Trying a New Experience: No Caffeine

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My favorite yoga teacher, Marifer, has a saying she repeats during yoga class. “In yoga, it’s all experiences. No judgment if you can’t do it. It’s just an experience,” she says in her lilting gentle voice. It reframes my perspective on whether or not I do the pose right. She adds that we really could do yoga with our eyes closed because we shouldn’t be looking at other people. Yoga is an INTERNAL experience.

I have been over a month without coffee, and I feel so much better that I’m attempting to give up caffeine. I don’t plan on giving it up altogether – although I might have to if I can’t do it in moderation – but I want to get off the daily caffeine roller coaster that is my life. Even without the coffee, I’ve increased my tea intake enough to meet the same caffeine level, and on some days, exceed it. Tea doesn’t provide the hammer, and there are times when my energy feels really low. Yesterday I was reading about caffeine because I honestly didn’t feel so good this weekend. I ate too much junk, and I had too much caffeine. The junk is easy for me to stop because I normally eat pretty healthy, but I think it’s time I look at what drugs I’m addicted to, and caffeine is my current drug of choice.

Monday, I had cut back from the weekend indulgence, and I had a bad headache. I was also irritable and on an emotional roller coaster. I found it unacceptable to feel that way. So, yesterday, I allowed myself one tea bag in the morning and one in the afternoon. My muscles felt really fatigued. I used Peppermint essential oil to perk up my flagging energy, but, honestly, it didn’t help a lot. It might have made sense to just have some caffeine, but if I feel that bad without out it, I’m obviously addicted. Without it, I start out with a significant energy deficit. What if I got off it and had a normal energy level? Caffeine has a great high followed up by a low. It’s up and down every few hours. If I could get off the roller coaster, I might feel better. Then, if I needed caffeine on an occasional basis, I wouldn’t have to have so much to keep me going.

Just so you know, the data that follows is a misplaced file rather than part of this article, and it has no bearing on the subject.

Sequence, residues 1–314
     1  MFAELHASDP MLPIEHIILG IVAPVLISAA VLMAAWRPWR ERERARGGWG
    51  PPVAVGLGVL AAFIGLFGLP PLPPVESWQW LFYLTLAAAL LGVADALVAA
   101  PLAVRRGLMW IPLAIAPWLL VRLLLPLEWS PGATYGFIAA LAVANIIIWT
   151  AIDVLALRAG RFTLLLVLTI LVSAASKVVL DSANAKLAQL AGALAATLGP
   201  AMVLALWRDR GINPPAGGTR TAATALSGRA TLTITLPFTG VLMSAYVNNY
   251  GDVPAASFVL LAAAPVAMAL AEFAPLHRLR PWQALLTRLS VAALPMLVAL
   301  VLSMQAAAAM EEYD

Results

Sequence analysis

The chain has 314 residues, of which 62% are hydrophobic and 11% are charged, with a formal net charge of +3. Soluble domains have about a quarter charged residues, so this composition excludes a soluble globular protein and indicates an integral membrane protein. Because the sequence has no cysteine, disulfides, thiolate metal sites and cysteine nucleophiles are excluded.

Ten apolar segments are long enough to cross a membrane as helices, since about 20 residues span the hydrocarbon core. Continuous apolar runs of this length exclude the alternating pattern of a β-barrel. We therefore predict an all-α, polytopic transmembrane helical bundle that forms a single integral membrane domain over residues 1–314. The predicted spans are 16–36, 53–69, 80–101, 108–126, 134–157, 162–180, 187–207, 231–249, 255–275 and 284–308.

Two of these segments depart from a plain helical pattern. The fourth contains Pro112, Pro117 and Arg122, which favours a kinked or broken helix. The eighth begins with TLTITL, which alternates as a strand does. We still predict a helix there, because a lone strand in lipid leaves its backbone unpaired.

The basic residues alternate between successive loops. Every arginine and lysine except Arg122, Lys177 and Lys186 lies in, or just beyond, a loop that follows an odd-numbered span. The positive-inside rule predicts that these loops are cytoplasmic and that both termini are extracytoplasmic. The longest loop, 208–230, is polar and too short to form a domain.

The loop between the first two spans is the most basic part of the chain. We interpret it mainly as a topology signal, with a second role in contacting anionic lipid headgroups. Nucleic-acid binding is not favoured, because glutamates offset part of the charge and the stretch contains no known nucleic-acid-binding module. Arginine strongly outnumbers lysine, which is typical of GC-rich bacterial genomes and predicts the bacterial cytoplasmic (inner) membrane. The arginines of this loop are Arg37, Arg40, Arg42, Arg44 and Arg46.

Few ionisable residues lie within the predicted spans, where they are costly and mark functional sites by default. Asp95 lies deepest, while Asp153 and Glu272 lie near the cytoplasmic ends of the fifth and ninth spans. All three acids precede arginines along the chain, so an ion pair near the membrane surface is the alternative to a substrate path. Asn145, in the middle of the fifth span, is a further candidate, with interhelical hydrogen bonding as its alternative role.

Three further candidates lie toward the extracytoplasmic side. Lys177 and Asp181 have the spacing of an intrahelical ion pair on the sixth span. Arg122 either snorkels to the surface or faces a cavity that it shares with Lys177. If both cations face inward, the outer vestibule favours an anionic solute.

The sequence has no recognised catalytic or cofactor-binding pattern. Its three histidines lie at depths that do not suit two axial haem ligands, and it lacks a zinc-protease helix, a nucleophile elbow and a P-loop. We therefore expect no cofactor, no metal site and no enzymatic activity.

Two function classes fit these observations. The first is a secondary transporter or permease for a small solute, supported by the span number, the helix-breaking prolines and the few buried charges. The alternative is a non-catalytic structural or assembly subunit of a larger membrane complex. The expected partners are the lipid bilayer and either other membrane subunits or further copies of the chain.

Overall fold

I have been caffeine-free before. I’ve done it for years. I remember that I felt good. I was sleepy sometimes, but it wasn’t often. It was usually a real sign of lack of sleep or over-exercise or some other “true” reason to be fatigued. I didn’t have the early morning issues getting out of bed, late morning energy lag or after lunch battle to stay awake. The caffeine dip makes everything worse, and I end up trying to perk up my flagging energy with sugar or more caffeine. Plus, it’s costly. I’m tired of spending the money on something EVERYDAY. A friend of mine and I were talking about smoking. He has quit now, but he remembers counting cigarettes before he went to bed to make sure he had enough for the morning. If he didn’t, he’d have to go out and get some. Addictions are really just one more thing you have to keep up. I’ve got enough to keep up. I’d like to spend my $5 a day or even $3 a day – depending on the caffeine fix – on something else. Maybe an Athleta tank top would be nice.

So, today will be my first day WITHOUT. I ran for 45 minutes this morning. I slept so well last night, and I had these amazing vivid dreams. I woke up energized. I’m missing the hit a little right now, but I don’t have a headache or fatigue yet. Maybe I won’t get it today. Anyway, I’m using this post as my commitment not to hit on caffeine today. Like Marifer says, it’s just an experience. If I take the one day at a time approach – and that’s all I can handle anyway – I can experience one day without caffeine just to see what I learn. Everything … everything is yoga.

P.S. I wouldn’t try to resolve any conflicts with me today, though. It might not go well. I’m just sayin’.

3 thoughts on “Trying a New Experience: No Caffeine

  1. I gave up caffeine last fall. On the second day of my caffeine-free existence my wife hid all of the sharp objects in our house! It took about 10 days for the headaches to stop. There really ought to be a 12-step program for caffeine withdrawal.

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